Detailed description: Arginine is the substrate of endothelial nitric oxide (NO) synthase. Citrulline converts to arginine and has a greater bioavailability than arginine. Chloroquine is a competitive inhibitor of arginase which is released from lysed red cells and possibly through liver damage. Raised arginase predicts low plasma arginine levels and may predict clinical disease severity. The interventions being tested are designed to target: (i) the moderate to severe growth retardation commonly observed in children with SCD especially in low income countries; (ii) endothelial dysregulation secondary to low NO bioavailability, inflammation and oxidant stress, hypothesised to underlie much of the clinical pathology in SCD. This study will test the following hypotheses: 1. That the provision of energy, protein and micronutrients within a ready to use supplementary food will increase linear growth, weight gain and proportion of fat-free mass in children with SCD. 2. That the provision of supplementary L-arginine and L-citrulline within the matrix of a twice-daily RUSF plus daily chloroquine (CQ) for 4 months, compared to a standard RUSF and weekly anti-malarial prophylaxis CQ to children with SCD will:

- Increase plasma arginine concentrations and the ratio of plasma arginine:


- Decrease or not alter plasma asymmetric dimethylarginine (ADMA) concentrations

- Improve NO-dependent vascular function as detected by an increase in maximum flow

mediated dilatation (FMDmax) 3. That the provision of daily CQ at a dosage of 2-3mg base/kg/day for 4 months to children with SCD will:

- Decrease the activity of plasma arginase through competitive inhibition

- Decrease levels of plasma inflammatory markers

If successful then larger studies of efficacy and effectiveness would be needed to assess long-term endpoints of hospitalization, stroke, and mortality. Existing evidence suggests that the proposed intervention also has the potential to increase the efficacy of hydroxyurea (HU) therapy. The successful development of an affordable ready-to-use 'nutraceutical' food with proven efficacy in growth promotion and vascular health could represent a major step forward for SCD patients in low-income countries.


Minimum age: 8 Years. Maximum age: 11 Years. Gender(s): Both.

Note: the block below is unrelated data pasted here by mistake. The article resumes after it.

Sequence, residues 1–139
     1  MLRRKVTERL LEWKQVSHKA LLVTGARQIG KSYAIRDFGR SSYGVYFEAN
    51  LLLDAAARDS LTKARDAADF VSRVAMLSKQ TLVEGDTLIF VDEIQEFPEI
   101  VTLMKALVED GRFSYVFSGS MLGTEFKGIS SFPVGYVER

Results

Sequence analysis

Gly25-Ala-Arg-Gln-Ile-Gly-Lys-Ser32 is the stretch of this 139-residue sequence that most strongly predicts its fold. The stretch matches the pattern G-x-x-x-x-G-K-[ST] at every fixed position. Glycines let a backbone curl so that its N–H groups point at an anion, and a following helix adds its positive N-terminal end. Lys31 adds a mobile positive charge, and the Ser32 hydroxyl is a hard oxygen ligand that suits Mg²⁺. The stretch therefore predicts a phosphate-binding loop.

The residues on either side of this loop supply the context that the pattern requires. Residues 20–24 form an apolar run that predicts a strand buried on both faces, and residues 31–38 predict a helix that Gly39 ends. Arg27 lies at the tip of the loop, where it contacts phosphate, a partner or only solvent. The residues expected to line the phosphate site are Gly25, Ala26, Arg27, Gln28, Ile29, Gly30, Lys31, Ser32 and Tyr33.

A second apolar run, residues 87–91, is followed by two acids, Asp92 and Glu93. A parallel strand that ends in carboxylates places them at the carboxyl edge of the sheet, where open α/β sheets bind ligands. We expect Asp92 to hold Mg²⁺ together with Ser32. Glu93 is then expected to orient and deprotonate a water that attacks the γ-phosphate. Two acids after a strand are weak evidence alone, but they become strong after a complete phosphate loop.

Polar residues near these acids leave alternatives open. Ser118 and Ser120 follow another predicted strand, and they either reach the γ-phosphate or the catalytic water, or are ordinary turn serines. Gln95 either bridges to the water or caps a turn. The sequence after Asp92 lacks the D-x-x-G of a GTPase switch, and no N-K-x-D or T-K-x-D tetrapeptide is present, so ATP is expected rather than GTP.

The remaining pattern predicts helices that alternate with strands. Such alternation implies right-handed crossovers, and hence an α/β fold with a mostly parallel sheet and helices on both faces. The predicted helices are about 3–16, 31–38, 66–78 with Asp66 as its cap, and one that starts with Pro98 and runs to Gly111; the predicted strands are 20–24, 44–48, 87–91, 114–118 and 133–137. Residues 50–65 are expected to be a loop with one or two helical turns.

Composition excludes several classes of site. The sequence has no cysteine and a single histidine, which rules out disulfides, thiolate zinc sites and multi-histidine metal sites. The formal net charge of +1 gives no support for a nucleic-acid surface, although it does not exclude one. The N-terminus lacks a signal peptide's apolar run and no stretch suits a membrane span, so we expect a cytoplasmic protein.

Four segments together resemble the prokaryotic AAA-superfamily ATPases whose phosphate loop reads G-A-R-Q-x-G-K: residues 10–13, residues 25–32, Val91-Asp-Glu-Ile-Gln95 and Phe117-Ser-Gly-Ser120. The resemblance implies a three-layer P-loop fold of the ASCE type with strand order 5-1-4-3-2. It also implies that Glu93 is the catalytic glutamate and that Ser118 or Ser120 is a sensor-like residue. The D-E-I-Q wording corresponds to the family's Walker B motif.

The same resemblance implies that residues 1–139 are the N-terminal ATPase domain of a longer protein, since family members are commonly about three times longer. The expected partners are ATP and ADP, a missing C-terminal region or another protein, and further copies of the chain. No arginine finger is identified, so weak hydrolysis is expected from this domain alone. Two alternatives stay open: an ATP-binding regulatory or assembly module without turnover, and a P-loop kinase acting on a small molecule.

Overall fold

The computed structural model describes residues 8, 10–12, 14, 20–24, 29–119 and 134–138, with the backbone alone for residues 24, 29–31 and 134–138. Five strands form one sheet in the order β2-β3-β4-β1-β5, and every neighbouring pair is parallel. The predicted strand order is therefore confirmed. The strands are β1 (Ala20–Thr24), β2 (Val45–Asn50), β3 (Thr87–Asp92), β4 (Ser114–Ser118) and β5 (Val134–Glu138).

Inclusion Criteria:

- Aged 8-11 years old at enrolment and resident within urban Dar-es-Salaam

- Enrolled in Muhimbili Sickle Cohort and attending routine Muhimbili National Hospital

sickle clinics

- Homozygous for hemoglobin S (HbSS) phenotype confirmed by electrophoresis and high

performance liquid chromatography (HPLC) Exclusion Criteria:

- >95th percentile for body mass index (BMI) for age using British 1990 growth


- Receiving hydroxyurea therapy or significant other long-term drug therapy

- Diagnosis with clinically significant non-SCD related disease including:

- Stage III or above HIV - or receiving ART therapy regardless of AIDS stage

- Tuberculosis infection

- Blood transfusion within previous 30 days

- Previously diagnosed clinical pulmonary hypertension or cardiac dysfunction or

clinical signs of pulmonary hypertension (loud pulmonary second heart sound) or heart failure (displaced apex beat, high jugular venous pressure, enlarged liver, peripheral oedema)

- Low visual acuity at baseline (<6/9 using a modified (for Tanzania) Snellen chart or

previously diagnosed chronic eye disorder likely to suggest retinopathy or macular degeneration

- Significant hepatic/renal dysfunction assessed by clinical chemistry panel at


- Epilepsy, psoriasis or currently taking any drugs listed as interacting with


Locations and Contacts

Muhimbili University of Heath and Allied Sciences (MUHAS), Dar es Salaam, Tanzania
Additional Information

Starting date: August 2012
Last updated: March 25, 2013

Page last updated: August 20, 2015